This section is completely optional.

Let \(y=f(x)\). Recall that we defined the derivative \({\displaystyle \frac{dy}{dx}(x_{0})}\) as the limit of the increment quotient \(\Delta y/\Delta x\) when \(\Delta x\) approaches zero: \[\frac{dy}{dx}(x_{0})=\lim_{\Delta x\to0}\frac{\Delta y}{\Delta x},\] where \(\Delta y=y_{1}-y_{0}\) with \(y_{0}=f(x_{0})\) and \(y_{1}=f(x_{1})=f(x_{0}+\Delta x)\).

We can think of the second derivative as the limit of the second increment quotient in the following manner. Consider \(x_{0},x_{1}=x_{0}+\Delta x,x_{2}=x_{0}+2\Delta x\), and their corresponding \(y\) values, \(y_{0}=f(x_{0}),y_{1}=f(x_{1}),\) and \(y_{2}=f(x_{2})\). We can take the second increment quotient as the first increment quotient of the first increment quotient; that is

\[\frac{1}{\Delta x}\left(\frac{y_{2}-y_{1}}{\Delta x}-\frac{y_{1}-y_{0}}{\Delta x}\right)=\frac{1}{(\Delta x)^{2}}(y_{2}-2y_{0}+y_{1}).\tag{a}\]

If we denote \(y_{1}-y_{0}=\Delta y\), and \(y_{2}-y_{1}=\Delta y_{1}\), we can appropriately call \(y_{2}-2y_{0}+y_{1}\) , the increment of the increment of \(y\), or the second increment of \(y\) and write symbolically \[y_{2}-2y_{0}+y_{1}=\Delta y_{1}-\Delta y=\Delta(\Delta y).\] We show the increment of the increment \(\Delta\Delta\) by \(\Delta^{2}\), but we note that \(\Delta^{2}\) is not a square; it just denotes the increment of the increment (or the difference of the difference) or the second increment.

Using this symbolic notation, the second increment quotient is then \(\dfrac{\Delta^{2}y}{(\Delta x)^{2}}\), where the numerator is the increment of the increment of \(y\) and the denominator is the square of \(\Delta x\). The second derivative now is the limit of this quotient as \(\Delta x\to0\). For higher derivatives, we can repeat this process. This symbolism made Leibniz introduce the following notations:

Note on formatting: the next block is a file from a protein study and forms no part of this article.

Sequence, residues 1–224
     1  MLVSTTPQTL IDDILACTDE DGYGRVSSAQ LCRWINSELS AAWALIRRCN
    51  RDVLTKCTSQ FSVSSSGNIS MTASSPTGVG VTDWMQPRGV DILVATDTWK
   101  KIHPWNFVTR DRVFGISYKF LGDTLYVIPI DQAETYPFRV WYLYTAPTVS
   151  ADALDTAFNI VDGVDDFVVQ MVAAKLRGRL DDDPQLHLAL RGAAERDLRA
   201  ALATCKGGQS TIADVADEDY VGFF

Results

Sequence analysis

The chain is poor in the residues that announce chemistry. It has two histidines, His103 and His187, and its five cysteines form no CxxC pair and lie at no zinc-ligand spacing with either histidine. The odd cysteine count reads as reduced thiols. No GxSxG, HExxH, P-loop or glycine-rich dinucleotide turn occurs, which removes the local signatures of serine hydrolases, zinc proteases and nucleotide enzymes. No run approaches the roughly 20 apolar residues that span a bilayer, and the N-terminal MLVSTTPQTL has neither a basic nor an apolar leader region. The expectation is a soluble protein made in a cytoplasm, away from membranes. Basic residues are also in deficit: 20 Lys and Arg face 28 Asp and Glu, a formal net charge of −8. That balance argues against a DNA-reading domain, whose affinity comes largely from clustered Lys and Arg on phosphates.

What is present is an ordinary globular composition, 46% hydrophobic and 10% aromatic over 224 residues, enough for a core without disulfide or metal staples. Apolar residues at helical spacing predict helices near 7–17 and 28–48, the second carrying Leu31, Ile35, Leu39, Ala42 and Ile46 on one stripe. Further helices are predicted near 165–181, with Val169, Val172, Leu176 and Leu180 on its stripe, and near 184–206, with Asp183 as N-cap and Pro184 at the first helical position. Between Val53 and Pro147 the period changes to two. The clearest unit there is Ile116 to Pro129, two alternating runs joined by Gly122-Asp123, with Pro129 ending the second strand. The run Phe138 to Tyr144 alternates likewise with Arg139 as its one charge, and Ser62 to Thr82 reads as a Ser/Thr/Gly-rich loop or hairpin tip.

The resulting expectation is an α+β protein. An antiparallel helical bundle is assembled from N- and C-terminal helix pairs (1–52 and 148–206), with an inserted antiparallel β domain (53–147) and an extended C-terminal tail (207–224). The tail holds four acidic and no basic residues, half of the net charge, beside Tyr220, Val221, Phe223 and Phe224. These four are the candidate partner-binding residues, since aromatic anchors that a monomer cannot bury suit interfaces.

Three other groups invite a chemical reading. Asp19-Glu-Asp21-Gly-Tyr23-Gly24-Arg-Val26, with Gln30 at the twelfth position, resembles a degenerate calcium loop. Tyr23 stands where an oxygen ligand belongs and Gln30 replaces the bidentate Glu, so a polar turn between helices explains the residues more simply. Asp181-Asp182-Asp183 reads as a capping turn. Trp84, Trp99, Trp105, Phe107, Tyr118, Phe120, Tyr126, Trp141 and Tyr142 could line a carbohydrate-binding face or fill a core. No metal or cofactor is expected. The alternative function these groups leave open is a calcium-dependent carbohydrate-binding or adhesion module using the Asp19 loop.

\[y^{\prime\prime}=f^{\prime\prime}(x)=\frac{d^{2}y}{dx^{2}},\qquad y^{\prime\prime\prime}=f^{\prime\prime\prime}(x)=\frac{d^{3}y}{dx^{3}},\qquad y^{(n)}=f^{(n)}(x)=\frac{d^{n}y}{dx^{n}}.\]

- We already defined the second derivative as the limit of the first increment quotient of the first derivative (see Eq. (a) in the Section on Higher Derivatives). So the fact that the second derivative can also be represented as the limit of the second increment quotient needs proof. If the second derivative is continuous, it can be shown that these two definitions are equivalent.

- In finite difference method, a numerical method for solving equations, formula (a) is widely used to approximate the second derivative.